In recent weeks, a succession of U.S. and European officials have warned that military operations to stop the creeping advance of the Islamic State (ISIS) in the shattered North African state of Libya are imminent. Since the summer of 2014, ISIS has exploited a governance vacuum and a factional civil war in Libya to expand what was once just a toehold into a foothold. It has clashed with, and in some areas displaced, older jihadist groups affiliated with al Qaeda. It has used Libya’s lawlessness to attract foreign recruits, conduct training, and plot operations abroad. ISIS now controls the central coastal city of Sirte and is attacking the nearby petroleum facilities to prevent much-needed revenue from reaching Libya’s central bank. And perhaps most worrisome, U.S. officials recently stated that ISIS has sent hundreds of fighters from Iraq and Syria to Libya in a calculated fallback strategy; the total number ISIS fighters in Libya is estimated between 3,000 and 6,500.
There’s no doubt that the ISIS presence demands a forcible response, above all from Libyans themselves, backed by Western support. That assistance is likely to involve special operations forces—who are reportedly already on the ground—liaising with, training, and advising Libyan units, backed by aircraft using precision-guided munitions. But this approach carries great risks. The West must proceed carefully, or else it could exacerbate Libya’s political fractures, encourage warlordism, or undermine attempts to re-establish a single government and lay the basis for a cohesive and civilian-controlled military. Any strategy to tackle ISIS should first aim at bridging Libyan political divides and channeling assistance in a way that promotes cooperation between rival forces.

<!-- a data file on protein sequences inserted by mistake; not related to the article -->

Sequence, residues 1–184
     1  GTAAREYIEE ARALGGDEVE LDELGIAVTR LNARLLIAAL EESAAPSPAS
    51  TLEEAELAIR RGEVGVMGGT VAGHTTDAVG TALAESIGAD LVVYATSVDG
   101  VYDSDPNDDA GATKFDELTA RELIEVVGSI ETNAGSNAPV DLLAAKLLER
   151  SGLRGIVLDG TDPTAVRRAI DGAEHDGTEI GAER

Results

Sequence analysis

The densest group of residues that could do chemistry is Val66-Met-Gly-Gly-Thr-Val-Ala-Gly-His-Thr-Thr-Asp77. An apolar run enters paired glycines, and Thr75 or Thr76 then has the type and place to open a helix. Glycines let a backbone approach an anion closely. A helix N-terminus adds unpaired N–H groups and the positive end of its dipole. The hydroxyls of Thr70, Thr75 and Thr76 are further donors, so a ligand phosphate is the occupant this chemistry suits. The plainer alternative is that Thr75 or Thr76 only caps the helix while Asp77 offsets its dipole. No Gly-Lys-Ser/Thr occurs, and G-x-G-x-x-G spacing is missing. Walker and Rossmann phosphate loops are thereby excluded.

LIBYA’S FAILED STATE
For Libyans and Western governments alike, the biggest obstacle to confronting ISIS is Libya’s broken state. For the past year and half, the country has been split into two loose constellations of political factions and armed actors. The first is the Tripoli-based “Dawn” coalition, which comprises Islamist fighters and militias from the western part of
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